Sports-induced targetoid erythema due to paintball projectile.
Diagnosis: Sports-induced targetoid erythema due to paintball projectile
The skin often displays unique patterns that allow for the identification of the mechanism of injury. Specifically, the type, pattern, and distribution of injury may suggest a certain diagnosis. A broad differential can include projectile trauma, burns (electrical, chemical, and physical), primary dermatologic conditions (not discussed further), and non-accidental self-inflicted trauma or physical abuse. Unique cultural practices should also be considered, including cupping, coining, spooning, moxibustion, and salting. Chronic trauma can also result in unique patterns of injury associated with certain activities, including rower's rump (lichenified plaques), surfer's nodules, cyclist's nodules, yoga sign (sitting position calluses), and jogger's nipples (erosions).
The type of injury may provide clues to the mechanism of injury. Epidermal damage secondary to a tangential or crushing force leaves an abrasion, whereas deeper dermal damage results in a contusion. Both abrasions and contusions may display an imprint pattern of the inflicting object or a material juxtaposed between the skin and the object (such as a clothing zipper). Rigid objects (such as a hammer, pliers, screwdriver, or a belt buckle) are more likely than flexible objects (such as a whip or shoe) to leave a readily apparent imprint. Tearing of tissue results in a laceration with tissue bridging and variable patterns of deformation. Traction alopecia may present with irregular hair loss. Thermal injury typically induces blisters followed by necrosis, whereas electrocution results in a centrally charred lesion with raised borders and surrounding erythema. Chemical burns may present as a linear or rounded defect with a more severely damaged central zone where the exposure was greatest. Phytophotodermatitis from furocoumarin exposure (limes or celery) presents with irregular, linear erythema and blisters.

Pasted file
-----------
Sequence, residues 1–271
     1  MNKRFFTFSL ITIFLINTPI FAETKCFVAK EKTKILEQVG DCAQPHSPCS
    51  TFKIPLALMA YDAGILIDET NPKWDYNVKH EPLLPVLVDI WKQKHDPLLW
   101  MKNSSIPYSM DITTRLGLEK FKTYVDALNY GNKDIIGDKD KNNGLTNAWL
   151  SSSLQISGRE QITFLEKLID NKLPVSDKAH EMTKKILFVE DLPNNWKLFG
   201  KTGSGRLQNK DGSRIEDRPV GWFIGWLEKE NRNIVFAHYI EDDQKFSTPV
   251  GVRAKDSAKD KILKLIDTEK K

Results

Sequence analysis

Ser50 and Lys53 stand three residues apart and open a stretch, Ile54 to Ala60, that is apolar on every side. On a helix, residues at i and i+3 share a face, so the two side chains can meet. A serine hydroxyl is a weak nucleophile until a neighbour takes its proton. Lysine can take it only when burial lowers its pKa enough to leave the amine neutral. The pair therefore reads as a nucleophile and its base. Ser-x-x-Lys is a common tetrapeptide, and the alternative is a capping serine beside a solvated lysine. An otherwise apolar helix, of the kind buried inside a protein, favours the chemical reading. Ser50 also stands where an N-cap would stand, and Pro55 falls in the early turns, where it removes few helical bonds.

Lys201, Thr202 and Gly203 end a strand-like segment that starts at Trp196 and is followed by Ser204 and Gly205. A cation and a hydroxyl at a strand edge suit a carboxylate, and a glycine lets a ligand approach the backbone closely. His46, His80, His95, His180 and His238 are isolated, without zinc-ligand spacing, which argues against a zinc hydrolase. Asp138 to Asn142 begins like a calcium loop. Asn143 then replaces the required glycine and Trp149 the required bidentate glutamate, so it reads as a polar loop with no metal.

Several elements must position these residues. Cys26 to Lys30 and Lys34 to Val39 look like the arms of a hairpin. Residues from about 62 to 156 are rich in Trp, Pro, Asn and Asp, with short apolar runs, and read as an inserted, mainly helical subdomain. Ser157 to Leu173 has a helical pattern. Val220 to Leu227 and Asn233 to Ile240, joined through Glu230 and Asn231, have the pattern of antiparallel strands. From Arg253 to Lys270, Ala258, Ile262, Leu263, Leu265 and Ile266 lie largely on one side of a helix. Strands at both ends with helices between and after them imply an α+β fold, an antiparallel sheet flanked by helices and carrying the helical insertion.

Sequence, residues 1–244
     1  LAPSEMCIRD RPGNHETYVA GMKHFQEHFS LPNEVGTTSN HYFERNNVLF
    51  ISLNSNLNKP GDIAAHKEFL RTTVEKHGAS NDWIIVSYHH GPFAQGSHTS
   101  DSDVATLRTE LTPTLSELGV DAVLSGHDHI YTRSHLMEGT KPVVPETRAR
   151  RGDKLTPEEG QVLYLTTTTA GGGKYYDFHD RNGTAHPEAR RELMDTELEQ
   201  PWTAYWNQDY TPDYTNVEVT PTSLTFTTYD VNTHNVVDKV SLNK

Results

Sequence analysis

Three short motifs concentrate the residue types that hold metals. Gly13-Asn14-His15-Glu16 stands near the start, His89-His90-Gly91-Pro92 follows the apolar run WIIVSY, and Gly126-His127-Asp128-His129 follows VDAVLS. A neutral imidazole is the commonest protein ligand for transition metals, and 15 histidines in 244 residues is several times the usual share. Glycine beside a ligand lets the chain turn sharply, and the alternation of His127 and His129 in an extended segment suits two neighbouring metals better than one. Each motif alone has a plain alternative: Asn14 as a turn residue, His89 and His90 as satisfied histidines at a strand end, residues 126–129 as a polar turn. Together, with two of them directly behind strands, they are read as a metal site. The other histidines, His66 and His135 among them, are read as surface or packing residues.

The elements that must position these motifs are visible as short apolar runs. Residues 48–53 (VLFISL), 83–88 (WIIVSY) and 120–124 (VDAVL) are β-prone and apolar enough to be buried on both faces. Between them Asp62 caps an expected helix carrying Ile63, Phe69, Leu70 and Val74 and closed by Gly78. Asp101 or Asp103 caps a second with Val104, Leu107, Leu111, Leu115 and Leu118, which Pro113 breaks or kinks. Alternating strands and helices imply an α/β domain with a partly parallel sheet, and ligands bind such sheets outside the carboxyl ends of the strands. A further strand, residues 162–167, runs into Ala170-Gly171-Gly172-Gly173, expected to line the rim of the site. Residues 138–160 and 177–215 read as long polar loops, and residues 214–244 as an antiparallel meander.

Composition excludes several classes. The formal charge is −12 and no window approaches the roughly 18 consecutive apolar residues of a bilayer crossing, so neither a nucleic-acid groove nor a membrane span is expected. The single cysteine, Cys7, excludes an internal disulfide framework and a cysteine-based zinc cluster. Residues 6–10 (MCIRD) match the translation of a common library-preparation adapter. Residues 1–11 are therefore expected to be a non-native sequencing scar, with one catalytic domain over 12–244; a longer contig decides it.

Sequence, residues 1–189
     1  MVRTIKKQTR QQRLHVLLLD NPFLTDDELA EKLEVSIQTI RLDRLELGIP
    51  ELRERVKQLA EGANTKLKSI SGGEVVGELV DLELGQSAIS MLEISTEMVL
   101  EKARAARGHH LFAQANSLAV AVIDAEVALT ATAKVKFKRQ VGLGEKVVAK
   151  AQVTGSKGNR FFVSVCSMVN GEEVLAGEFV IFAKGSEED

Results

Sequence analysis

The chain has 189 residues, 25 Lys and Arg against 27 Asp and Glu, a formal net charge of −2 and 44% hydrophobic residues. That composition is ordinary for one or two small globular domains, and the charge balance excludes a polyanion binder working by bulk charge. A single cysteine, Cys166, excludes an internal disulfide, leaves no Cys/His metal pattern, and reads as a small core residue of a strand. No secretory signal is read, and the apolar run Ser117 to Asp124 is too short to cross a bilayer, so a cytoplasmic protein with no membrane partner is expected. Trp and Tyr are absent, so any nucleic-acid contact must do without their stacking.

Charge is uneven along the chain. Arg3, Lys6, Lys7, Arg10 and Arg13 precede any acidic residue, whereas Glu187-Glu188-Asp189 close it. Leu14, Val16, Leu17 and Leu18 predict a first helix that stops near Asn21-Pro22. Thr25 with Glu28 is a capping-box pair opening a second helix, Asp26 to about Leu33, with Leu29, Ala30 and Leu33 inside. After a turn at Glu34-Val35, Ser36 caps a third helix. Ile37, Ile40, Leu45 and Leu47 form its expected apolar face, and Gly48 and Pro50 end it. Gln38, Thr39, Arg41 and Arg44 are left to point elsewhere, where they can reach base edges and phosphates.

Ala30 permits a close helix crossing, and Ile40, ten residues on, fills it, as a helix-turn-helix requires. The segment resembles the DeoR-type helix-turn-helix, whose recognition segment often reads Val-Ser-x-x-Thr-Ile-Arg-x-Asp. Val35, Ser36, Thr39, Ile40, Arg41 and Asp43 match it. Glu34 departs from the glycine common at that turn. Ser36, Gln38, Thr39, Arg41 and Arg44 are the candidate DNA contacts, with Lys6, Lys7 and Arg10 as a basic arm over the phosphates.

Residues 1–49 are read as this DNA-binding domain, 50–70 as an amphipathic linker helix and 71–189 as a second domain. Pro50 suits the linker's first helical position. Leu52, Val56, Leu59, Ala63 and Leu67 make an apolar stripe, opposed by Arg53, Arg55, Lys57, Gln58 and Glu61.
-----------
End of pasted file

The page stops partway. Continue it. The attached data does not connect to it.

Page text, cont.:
Specific objects leave differing patterns of injury. Physical abuse is more likely if an imprint is readily discernible (such as a fork, curling iron, or hot plate). Clues to factitial dermatitis include linearity and unnaturally appearing defects with angulated borders. Impact from linear objects (e.g. baseball bat) generate parallel contusions with a central pallor as extravasated blood from ruptured capillaries is displaced laterally. Similarly, forceful slaps produce a negative imprint, human kicks generate a shoe imprint, and motor vehicle tire treads induce polygonal abrasions or patterned contusions. Parallel elongated curvilinear contusion lines (loop marks) encircling a limb may result from a rope, belt, or cord used as a whip. Human bites produce isolated semicircular contusions or abrasions. Chain necklaces generate complex abrasions with a distinct identifiable chain pattern. Motor vehicle accidents may result in tempered glass dicing injuries (groups of short, angulated incisions with linearity) or radio knob-, steering wheel-, and airbag-shaped contusions. Forceful grabbing may leave multiple 1-1.5 cm circular fingertip abrasions. Strangulation by a ligature presents with a skin indentation, abrasion, and petechial facial hemorrhages. A double-edged knife blade leaves a V-shape at both margins whereas a single-edged weapon shows one blunt end. Accompanying hesitation marks (superficial, parallel incisions) suggests a self-inflicted origin. A Phillips screwdriver may produce four abrasions around a central puncture wound.